Portal owners confirm fraudster used their name
An alert webmistress has sounded the alarm on a fraudster, and Yahoo! UK & Ireland has admitted that some of its customers have been targeted in a basic scam.
The Internet giant has taken almost two weeks to respond to allegations of a scam designed to con its users out of £199.
The allegations surfaced last month in a newsletter posted by US-based search engine consultant Jill Whalen of HighRankings.Com who received an email which “appeared to be from Yahoo! UK” asking for £199 to have annual Yahoo! listing reviews renewed.
Snag is, Yahoo! UK has no annual review fee!
When she contacted Yahoo! UK she was told the company was looking into the matter. After almost a fortnight of calls not being returned, of apologies and promises that someone would be in contact, Yahoo! UK has responded with a statement.
The company says that Yahoo Express clients were sent a fraudulent email from persons unknown that illegally tried to extort payment for Slot Gacor remaining in the directory when no such charge was due. Yahoo Express charges a one-time-only fee for submission, and there is no re-up required.
Law enforcement agencies have been called in to investigate the fraud, and Yahoo requests that persons in receipt of the scam email send it in to them at email@example.com, preferably without responding.
Casino group has German players in mind
AngelCiti Entertainment’s wholly owned subsidiary Worldwide Management has signed up an agreement to provide gambling software to UrlaubCasino.com and will additionally provide affiliate marketing support to help drive traffic and customers to that site.
Following its recent merger with iChance, which had a Futurebet license it is not known whether RTG powered Angelciti will be supplying Futurebet or RTG software.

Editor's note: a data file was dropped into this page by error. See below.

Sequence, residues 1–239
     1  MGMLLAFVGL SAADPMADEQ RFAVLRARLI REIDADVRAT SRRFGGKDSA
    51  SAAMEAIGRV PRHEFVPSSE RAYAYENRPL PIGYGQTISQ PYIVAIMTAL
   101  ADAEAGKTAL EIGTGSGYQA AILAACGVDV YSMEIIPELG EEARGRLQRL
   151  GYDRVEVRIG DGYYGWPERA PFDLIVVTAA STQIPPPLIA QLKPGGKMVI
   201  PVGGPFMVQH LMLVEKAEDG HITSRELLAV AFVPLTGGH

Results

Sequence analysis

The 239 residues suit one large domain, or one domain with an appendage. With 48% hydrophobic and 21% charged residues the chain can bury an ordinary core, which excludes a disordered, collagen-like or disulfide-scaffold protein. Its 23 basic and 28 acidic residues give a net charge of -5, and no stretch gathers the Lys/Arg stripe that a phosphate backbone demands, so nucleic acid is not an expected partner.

“This is part of our continuing effort to expand internationally,” remarked AngelCiti president George Gutierez,” and provides a true complement for growth with our English and Spanish language site customers. We are also aggressively pursuing the Asian markets and anticipate having a French language site customer within the next 60 to 90 days.”
Worldwide Management claims that it provides gaming software to over a dozen websites and in just 8 months of operations in 2002 grew to a net handle of approximately $26 million.
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EU WARNS GREEKS ON GAMBLING LAW
14 February 2003
It’s interfering with the free movement of goods…!
The international uproar last year caused by the Greek government’s excessive legislative attempts to ban electronic gaming has continued into 2003 it appears.
Wired News reports that the Greek government is standing by its controversial law banning electronic games in public, which Greek judges consider unconstitutional. But the European Union has warned Greece: Drop it or get hauled into court for hampering the free movement of goods. Designed to stop illegal gambling, the law casts its net too wide, the EU says, ensnaring innocent Internet café owners and computer game companies.
Greece ignored its first caution, an official letter sent in October. The EU will try to press its point again later this month.
“Parliament took this decision spontaneously, and under unbearable pressure to wipe out the ‘cancer’ of gambling,” said Panos Livitsanos, a technology journalist. “As a result they voted one of the most excessive, unprepared and extreme laws ever enacted in Europe.”
“The government stubbornly refuses to see how wrong their acts are,” said Bill Mitsis, co-webmaster of the site Gameland, where 19,000 people have petitioned to overturn the gaming ban.
The law’s broad scope initially outlawed all gaming — even at home. But an international outcry forced politicians to back down. They narrowed the ban to include only devices generating `any form of financial gain for players or third parties’ at the end of September.